Not so long ago, enrolling in law school was an almost guaranteed ticket to a six-figure salary. But with horror stories circulating through the media about six-figure debt loads and no jobs for recent law school grads, many students are reconsidering.
And the slight decline in interest is leading a few law schools to slash the number of places in their new classes. Touro Law Center, Albany Law School and Creighton University School of Law have all announced plans to cut enrollment, and the Chronicle of Higher Education reports: “While most law schools are still claiming high job-placement rates, those numbers don’t seem to show up in other reports. A study by Northwestern University’s law school estimated that since January 2008, about 15,000 attorney and legal staff jobs have disappeared from the nation’s largest firms.”
The really bad news for prospective lawyers is this: The recession certainly hasn’t helped matters, but the negative trends are more than cyclical. And, in fact, a few observers have been noticing trouble for law school grads for years. Almost five years ago to the day, the Wall Street Journal ran a piece titled “Law school by default,” which argued that
“The legal profession is really two professions: the elite lawyers and everyone else. Most of the former start out at big law firms. Many of the latter never find gainful legal employment. Instead, they work at jobs that might be characterized as ‘quasi-legal’: paralegals, clerks, administrators, doing work for which they probably never needed a J.D. … The mean salary for graduates of top 10 law schools is $135,000 while it is $60,000 for ‘tier three’ schools. It’s certainly possible that tier-three graduates tend to gravitate toward lower-paying public-interest and government jobs, but this lower salary may also reflect the nonlegal nature of many of these jobs and the fact that these graduates are settling for anything that will pay the bills.”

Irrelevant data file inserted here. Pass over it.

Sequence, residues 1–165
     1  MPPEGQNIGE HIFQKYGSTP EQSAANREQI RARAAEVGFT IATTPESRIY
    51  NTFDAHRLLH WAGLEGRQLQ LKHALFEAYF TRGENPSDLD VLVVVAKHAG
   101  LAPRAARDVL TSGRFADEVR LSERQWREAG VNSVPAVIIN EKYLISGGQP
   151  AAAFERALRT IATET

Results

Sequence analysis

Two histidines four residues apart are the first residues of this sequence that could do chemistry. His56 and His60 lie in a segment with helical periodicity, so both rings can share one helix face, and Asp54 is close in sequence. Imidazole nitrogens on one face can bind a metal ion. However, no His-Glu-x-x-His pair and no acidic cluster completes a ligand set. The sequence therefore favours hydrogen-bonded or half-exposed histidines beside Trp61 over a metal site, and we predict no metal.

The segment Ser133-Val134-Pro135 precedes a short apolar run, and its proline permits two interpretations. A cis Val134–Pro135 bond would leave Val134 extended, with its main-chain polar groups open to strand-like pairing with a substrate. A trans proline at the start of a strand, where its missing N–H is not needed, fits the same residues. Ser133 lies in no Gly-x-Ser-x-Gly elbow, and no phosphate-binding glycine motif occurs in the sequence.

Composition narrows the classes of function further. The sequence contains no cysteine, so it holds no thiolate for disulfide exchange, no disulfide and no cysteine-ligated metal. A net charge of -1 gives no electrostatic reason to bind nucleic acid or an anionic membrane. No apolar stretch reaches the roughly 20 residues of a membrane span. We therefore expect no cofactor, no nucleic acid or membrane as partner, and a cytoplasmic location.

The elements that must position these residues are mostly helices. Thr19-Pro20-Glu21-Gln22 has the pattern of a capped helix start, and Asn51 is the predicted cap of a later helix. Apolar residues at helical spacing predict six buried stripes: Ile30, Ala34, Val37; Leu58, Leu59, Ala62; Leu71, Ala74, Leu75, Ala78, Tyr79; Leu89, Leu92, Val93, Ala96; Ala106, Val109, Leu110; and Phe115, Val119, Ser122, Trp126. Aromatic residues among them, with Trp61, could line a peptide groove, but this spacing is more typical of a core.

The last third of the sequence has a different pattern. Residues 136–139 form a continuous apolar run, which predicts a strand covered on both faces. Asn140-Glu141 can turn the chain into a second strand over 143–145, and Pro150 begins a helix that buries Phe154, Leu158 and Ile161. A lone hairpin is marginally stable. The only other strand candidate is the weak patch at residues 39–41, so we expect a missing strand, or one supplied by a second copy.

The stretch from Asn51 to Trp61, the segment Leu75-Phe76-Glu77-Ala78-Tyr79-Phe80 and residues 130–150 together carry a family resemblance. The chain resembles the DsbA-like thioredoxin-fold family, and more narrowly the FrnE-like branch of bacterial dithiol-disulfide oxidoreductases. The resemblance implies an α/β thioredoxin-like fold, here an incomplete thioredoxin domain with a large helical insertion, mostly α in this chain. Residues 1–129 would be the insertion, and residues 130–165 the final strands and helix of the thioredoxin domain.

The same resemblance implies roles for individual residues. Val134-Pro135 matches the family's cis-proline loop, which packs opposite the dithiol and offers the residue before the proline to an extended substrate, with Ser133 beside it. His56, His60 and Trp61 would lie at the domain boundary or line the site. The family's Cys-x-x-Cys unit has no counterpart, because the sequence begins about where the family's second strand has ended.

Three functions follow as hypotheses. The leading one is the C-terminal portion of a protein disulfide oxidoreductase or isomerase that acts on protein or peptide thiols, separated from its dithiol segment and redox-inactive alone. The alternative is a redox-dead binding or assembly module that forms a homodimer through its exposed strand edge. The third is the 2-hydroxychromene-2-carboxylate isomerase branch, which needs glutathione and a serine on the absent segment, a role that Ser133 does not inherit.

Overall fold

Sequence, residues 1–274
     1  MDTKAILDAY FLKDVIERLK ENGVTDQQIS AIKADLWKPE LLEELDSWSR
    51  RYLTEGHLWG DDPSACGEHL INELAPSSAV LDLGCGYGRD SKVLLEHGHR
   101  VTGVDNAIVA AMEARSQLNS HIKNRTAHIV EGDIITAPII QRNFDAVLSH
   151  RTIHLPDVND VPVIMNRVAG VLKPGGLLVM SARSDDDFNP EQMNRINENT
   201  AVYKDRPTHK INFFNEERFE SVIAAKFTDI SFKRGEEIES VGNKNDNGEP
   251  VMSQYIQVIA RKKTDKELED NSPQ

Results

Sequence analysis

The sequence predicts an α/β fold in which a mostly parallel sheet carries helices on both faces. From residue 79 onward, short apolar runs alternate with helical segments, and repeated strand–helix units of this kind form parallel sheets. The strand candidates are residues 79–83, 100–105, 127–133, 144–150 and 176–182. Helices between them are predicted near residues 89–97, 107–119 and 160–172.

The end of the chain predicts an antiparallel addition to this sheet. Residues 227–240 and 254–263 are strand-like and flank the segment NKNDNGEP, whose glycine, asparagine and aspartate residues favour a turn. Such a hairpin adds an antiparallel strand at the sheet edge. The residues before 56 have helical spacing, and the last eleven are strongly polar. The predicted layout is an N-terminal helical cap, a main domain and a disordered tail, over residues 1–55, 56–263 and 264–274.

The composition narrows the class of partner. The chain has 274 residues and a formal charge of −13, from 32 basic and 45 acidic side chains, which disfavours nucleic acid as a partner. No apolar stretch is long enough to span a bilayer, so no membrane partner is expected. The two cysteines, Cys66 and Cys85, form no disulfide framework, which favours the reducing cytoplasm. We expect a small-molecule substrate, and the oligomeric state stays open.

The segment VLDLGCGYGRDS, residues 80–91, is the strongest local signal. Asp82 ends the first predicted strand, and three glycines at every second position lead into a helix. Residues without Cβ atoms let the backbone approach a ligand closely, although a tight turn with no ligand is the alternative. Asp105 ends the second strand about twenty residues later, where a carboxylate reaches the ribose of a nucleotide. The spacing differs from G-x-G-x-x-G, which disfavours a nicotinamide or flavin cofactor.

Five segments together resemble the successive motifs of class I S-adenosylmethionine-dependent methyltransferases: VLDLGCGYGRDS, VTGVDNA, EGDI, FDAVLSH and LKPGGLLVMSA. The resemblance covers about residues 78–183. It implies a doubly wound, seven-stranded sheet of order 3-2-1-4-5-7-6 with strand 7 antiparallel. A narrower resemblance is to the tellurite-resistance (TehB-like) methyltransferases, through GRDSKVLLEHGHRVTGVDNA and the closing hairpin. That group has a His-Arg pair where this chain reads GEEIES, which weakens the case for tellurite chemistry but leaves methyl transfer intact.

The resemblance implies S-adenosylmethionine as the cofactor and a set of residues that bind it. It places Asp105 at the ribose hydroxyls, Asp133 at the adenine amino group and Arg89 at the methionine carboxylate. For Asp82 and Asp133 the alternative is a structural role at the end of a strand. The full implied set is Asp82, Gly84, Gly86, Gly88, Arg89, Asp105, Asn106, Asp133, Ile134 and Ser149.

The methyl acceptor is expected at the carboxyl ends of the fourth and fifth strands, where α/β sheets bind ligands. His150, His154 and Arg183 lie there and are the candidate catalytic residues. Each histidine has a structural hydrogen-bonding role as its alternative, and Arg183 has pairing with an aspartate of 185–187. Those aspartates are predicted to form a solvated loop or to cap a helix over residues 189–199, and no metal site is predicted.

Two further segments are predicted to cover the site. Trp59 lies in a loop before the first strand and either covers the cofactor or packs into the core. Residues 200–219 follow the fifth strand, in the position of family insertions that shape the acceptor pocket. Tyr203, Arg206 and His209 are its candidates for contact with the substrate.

My advice to would-be law students is this: Don’t think that law school is a guarantee of anything, and only consider going if the career you are passionate about involves being a lawyer. Keep your ego out of it, and don’t be seduced by the bright lights of a J.D. Finally, let your results on the LSAT influence your decision: If you aren’t qualified to get into an elite law school, consider that it might not be the right career for you anyway.